Statement on Abuse
From the Council on Biblical Manhood and Womanhood
When we founded CBMW in 1987, part of our rationale in the Danvers Statement indicated our deep concern about “the upsurge of physical and emotional abuse in the family.” For the health of the family, we now offer this expanded statement on abuse.The BackgroundWhen CBMW was founded in 1987, its leaders wrote in the Danvers Statement that “We have been moved in our purpose by the following contemporary developments which we observe with deep concern.” Among the items listed was “the upsurge of physical and emotional abuse in the family.” (Rationale #6) At that time, CBMW leaders also committed themselves to work as a council:
- to bring healing to persons and relationships injured by an inadequate grasp of God’s will concerning manhood and womanhood,
- to help both men and women realize their full ministry potential through a true understanding and practice of their God-given roles,
- and to promote the spread of the gospel among all peoples by fostering a Biblical wholeness in relationships that will attract a fractured world. (Purpose #5)
In addition, the Danvers Statement affirmed that
- In the family, husbands should forsake harsh or selfish leadership and grow in love and care for their wives. (Affirmation #6)
CBMW continues to grieve over the alarming rise in abuse in its many forms, and recognizes a need for a fuller, stronger declaration of our conviction that the Bible speaks clearly and forthrightly against abuse and that it speaks with equal clarity on the differing responsibilities of men and women in marriage.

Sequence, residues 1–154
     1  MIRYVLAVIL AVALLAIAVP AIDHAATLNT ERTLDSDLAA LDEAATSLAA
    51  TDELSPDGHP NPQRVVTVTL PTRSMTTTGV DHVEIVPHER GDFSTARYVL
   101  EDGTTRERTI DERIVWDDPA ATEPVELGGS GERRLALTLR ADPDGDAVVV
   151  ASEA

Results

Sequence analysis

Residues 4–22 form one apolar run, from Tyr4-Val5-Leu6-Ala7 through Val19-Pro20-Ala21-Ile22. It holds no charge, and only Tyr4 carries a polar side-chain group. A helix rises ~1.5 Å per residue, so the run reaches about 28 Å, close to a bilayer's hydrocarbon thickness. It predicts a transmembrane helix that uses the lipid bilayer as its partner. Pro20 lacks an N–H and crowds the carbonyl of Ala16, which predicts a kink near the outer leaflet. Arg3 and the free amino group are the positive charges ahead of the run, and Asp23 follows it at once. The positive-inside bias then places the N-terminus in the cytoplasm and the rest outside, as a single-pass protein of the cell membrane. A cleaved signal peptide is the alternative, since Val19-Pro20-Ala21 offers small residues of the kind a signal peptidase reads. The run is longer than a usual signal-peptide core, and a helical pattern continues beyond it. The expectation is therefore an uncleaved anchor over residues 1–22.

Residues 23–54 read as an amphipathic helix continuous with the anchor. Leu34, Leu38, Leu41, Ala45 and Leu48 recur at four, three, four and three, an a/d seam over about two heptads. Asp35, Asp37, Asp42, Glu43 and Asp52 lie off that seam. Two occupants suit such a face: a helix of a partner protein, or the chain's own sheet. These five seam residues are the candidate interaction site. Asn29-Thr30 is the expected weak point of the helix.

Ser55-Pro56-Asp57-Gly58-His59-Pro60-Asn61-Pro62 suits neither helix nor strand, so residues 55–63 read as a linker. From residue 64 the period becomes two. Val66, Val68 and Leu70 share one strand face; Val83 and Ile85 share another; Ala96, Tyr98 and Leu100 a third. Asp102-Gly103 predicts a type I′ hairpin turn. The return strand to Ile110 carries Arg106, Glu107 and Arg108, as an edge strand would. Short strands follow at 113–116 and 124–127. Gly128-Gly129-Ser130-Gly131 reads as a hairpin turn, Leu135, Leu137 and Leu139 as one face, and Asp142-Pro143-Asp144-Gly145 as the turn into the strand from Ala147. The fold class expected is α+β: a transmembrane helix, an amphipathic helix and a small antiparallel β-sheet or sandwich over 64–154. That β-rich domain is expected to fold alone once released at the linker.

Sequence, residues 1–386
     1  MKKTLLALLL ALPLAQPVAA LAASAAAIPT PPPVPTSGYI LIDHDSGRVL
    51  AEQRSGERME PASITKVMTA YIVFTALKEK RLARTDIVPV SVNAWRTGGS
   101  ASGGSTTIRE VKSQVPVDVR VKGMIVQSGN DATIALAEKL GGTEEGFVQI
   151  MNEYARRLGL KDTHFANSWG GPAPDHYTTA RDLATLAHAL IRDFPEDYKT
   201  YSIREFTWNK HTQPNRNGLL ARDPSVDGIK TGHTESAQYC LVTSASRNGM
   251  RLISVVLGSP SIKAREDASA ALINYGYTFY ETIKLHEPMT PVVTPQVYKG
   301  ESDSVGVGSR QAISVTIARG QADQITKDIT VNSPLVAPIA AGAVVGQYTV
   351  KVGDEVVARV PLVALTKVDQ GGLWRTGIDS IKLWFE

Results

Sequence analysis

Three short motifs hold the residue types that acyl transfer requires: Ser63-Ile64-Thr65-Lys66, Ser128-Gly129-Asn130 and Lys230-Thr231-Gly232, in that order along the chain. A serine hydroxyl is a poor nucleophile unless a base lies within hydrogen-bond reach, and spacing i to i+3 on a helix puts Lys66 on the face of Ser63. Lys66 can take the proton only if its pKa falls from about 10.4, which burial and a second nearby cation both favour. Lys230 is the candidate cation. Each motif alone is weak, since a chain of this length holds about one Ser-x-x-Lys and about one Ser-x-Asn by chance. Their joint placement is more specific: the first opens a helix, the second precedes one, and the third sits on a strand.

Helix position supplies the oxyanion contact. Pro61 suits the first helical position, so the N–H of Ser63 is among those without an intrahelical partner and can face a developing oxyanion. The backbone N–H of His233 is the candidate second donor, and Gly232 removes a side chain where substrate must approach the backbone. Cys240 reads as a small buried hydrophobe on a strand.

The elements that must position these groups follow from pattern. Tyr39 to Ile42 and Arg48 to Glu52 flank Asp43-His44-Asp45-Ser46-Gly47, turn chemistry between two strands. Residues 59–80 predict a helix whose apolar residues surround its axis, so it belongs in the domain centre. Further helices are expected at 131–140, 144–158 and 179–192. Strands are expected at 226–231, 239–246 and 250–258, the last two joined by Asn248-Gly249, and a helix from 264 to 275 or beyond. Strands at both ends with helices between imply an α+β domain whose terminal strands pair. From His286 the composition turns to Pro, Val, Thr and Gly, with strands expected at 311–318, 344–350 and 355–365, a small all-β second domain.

Therefore, the Council has issued an expanded statement on abuse as part of a continuing effort to demonstrate that the biblical teachings on male headship in marriage do not authorize a man’s domination or abuse of his wife.
We hope this statement will encourage Christians to oppose abuse wherever it appears.
Adopted by the Council on Biblical Manhood and Womanhood at its meeting in Lisle, Illinois in November, 1994.
Statement on Abuse
- We understand abuse to mean the cruel use of power or authority to harm another person emotionally, physically, or sexually.
- We are against all forms of physical, sexual and /or verbal abuse.
- We believe that the biblical teaching on relationships between men and women does not support, but condemns abuse (Prov. 12:18; Eph. 5:25-29; Col. 3:18; 1 Tim. 3:3; Titus 1:7-8; 1 Pet. 3:7; 5:3).
- We believe that abuse is sin. It is destructive and evil. Abuse is the hallmark of the devil and is in direct opposition to the purpose of God. Abuse ought not to be tolerated in the Christian community.
- We believe that the Christian community is responsible for the well-being of its members. It has a responsibility to lovingly confront abusers and to protect the abused.
- We believe that both abusers and the abused are in need of emotional and spiritual healing.
- We believe that God extends healing to those who earnestly seek him.
- We are confident of the power of God’s healing love to restore relationships fractured by abuse, but we realize that repentance, forgiveness, wholeness, and reconciliation is a process. Both abusers and abused are in need of on-going counseling, support and accountability.
- In instances where abusers are unrepentant and/or unwilling to make significant steps toward change, we believe that the Christian community must respond with firm discipline of the abuser and advocacy, support and protection of the abused.
- We believe that by the power of God’s Spirit, the Christian community can be an instrument of God’s love and healing for those involved in abusive relationships and an example of wholeness in a fractured, broken world.